Andy Slavitt — President Obama’s choice to manage Obamacare, Medicare and Medicaid — was linked seven years ago to a massive medical data fraud scheme that resulted in what was then the largest settlement ever by an insurance company.

If he is confirmed by the Senate, Slavitt will head the Centers for Medicare and Medicaid, which manages the federal government’s three biggest health care programs. He will manage an estimated $1 trillion in benefits that are paid to millions of doctors, patients and hospitals.

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When the ACA networks began covering patients in 2014, one of the first complaints was that many plans were trying to cut costs by including many fewer providers in their networks than pre-ACA health plans. In some cases, patients even had to cancel previously scheduled surgeries and lost access to prescription drugs, since the surgeons and/or the hospitals were not in their new networks. Now, a study by the health consulting firm Avalere confirms that these were not isolated cases – on average, exchange plans include a 34 percent fewer in-network providers than non-exchange plans (such as employer-sponsored plans), with even larger shortcomings in specialties like oncology and cardiology.

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The people running ObamaCare set low expectations and then consistently fail to meet them, but could the expectations at least stop plunging? Witness the recent “secret shopper” audit that unmasked the entitlement’s wide-open exposure to fraud and the lack of any plan to prevent it.

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A new report from a government watchdog examining the success of taxpayer-funded Obamacare co-ops found that the vast majority lost money last year and struggled to enroll consumers, throwing their ability to repay the taxpayer-funded loans into question.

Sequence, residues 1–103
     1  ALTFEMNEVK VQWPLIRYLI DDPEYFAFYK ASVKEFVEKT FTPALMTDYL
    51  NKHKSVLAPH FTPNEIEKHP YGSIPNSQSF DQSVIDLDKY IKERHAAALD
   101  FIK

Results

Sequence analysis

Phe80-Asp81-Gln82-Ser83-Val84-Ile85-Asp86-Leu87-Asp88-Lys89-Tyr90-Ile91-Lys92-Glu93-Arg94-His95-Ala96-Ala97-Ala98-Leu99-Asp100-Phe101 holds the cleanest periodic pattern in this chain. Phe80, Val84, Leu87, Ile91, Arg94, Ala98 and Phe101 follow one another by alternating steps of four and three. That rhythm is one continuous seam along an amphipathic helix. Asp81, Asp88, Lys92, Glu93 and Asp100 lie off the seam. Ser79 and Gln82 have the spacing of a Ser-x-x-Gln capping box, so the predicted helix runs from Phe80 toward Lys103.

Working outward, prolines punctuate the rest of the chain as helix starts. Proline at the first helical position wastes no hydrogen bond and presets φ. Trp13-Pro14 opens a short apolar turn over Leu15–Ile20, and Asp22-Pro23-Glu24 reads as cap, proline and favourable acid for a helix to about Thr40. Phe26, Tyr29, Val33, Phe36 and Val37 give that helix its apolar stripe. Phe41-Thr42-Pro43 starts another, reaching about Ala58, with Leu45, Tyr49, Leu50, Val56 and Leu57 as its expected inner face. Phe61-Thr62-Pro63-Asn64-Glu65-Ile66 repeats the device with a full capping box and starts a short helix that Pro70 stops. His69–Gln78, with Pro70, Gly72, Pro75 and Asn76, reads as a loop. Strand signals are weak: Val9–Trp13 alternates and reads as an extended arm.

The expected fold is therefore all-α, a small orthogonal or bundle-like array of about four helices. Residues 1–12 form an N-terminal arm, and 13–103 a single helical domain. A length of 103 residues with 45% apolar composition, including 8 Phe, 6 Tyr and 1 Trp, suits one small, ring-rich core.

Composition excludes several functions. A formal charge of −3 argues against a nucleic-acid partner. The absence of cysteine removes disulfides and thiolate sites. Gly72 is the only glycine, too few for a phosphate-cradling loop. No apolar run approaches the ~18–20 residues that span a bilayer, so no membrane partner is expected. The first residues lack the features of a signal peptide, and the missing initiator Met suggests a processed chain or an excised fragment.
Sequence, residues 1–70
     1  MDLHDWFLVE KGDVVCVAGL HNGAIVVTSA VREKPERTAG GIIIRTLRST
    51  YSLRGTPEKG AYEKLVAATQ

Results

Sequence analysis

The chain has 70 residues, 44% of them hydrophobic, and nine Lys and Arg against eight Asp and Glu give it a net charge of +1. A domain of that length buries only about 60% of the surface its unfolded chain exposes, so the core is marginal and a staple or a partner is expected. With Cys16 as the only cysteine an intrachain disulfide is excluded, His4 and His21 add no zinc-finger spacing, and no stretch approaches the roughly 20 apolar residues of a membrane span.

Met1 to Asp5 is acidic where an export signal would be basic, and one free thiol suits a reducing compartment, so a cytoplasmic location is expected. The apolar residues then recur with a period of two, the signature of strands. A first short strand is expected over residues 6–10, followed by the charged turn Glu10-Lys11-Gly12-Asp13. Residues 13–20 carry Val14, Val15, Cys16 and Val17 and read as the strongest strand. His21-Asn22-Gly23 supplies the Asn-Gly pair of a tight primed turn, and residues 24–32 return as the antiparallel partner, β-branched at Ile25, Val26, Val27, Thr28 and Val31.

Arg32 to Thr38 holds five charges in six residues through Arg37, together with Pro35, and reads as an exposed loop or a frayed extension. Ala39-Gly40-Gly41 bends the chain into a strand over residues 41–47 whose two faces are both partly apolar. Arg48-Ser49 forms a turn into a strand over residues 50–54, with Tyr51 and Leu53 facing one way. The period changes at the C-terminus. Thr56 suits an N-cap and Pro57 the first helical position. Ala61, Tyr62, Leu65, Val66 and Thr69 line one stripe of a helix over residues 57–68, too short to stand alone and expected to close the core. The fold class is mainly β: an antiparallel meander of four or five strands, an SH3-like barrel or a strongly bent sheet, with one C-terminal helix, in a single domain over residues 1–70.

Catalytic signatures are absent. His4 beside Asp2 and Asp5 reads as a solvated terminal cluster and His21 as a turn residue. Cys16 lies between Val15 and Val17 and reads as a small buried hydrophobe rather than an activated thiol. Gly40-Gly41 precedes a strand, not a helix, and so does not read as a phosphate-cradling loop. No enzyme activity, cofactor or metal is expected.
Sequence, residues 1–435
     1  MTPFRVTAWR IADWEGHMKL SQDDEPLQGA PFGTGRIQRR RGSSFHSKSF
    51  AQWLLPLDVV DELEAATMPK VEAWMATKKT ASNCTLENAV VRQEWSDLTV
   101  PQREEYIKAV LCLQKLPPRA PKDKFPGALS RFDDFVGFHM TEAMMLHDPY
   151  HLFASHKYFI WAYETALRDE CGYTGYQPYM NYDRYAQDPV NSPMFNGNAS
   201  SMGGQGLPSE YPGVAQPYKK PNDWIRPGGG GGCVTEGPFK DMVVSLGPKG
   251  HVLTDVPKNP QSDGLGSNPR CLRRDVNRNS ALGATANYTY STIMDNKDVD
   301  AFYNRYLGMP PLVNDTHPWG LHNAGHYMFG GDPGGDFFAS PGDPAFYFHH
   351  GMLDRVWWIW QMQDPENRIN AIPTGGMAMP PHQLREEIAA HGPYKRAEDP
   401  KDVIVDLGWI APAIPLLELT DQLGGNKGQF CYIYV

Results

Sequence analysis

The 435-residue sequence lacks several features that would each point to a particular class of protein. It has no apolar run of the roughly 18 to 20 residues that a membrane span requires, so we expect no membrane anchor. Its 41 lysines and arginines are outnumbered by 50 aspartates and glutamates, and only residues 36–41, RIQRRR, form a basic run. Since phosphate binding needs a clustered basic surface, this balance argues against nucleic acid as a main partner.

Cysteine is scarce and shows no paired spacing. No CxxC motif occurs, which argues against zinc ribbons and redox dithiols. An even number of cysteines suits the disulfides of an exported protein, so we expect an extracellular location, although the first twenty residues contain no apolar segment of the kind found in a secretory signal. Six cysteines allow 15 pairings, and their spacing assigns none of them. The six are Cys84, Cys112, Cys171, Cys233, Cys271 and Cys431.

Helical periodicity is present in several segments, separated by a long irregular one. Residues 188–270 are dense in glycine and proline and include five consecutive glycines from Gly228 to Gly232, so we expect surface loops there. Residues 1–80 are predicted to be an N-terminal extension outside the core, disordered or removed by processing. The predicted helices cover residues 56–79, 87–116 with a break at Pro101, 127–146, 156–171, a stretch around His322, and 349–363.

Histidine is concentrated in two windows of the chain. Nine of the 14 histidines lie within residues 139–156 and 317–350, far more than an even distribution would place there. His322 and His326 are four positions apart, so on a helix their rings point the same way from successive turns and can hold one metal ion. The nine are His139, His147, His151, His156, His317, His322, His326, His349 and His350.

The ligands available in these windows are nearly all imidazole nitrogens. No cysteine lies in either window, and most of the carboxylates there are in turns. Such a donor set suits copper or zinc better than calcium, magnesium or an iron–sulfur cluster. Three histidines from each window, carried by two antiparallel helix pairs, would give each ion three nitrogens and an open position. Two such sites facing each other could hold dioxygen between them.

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During the legislative debate over the passage of President Obama’s healthcare law, supporters of the program were sensitive to any suggestion that it represented a government takeover of the healthcare system.

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Almost all of Obamacare’s landmark health insurance co-ops are in financial trouble.

The co-ops were invented by the health-care law — they’re private nonprofits that were awarded a total of $2.4 billion in loans from the federal government, in order to establish nonprofit competition to private health insurance companies.

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The federal government shelled out $2.4 billion in loans to a series of non-profit health plans under Obamacare, but now they’re struggling to stay alive.

The plans, dubbed CO-OPs (Consumer Operated and Oriented Plans) were intended to increase competition in the insurance market and serve as a check on private insurers by providing an alternative that wasn’t focused on profit. They were a compromise measure intended to satisfy liberals who wanted the law to set up a fully government-run health insurance option.

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Unless conservatives change their strategy soon, history is likely to record them as the unintended enablers of Obamacare’s expansion. Yet another key moment for a turn toward free-market reform is upon us. Will congressional Republicans again pursue a strategy that sounds serious but results in Obamacare’s unimpeded implementation? Or will they try to actually impede the law in real time and make clear to the American people which party is on their side as we approach 2016?

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The Centers for Medicare & Medicaid Services (CMS) has taken formal action in response to concerns about the finances of four of the new nonprofit, member-owned CO-OP health plans, according to the U.S. Department of Health and Human Services Office of Inspector General (HHS OIG).

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Senate Majority Leader Mitch McConnell championed a renewed push to bypass a filibuster and repeal Obamacare with 51 votes on Tuesday, he announced in a joint statement with Utah Senator Mike Lee, one of the most conservative Republicans in the chamber.

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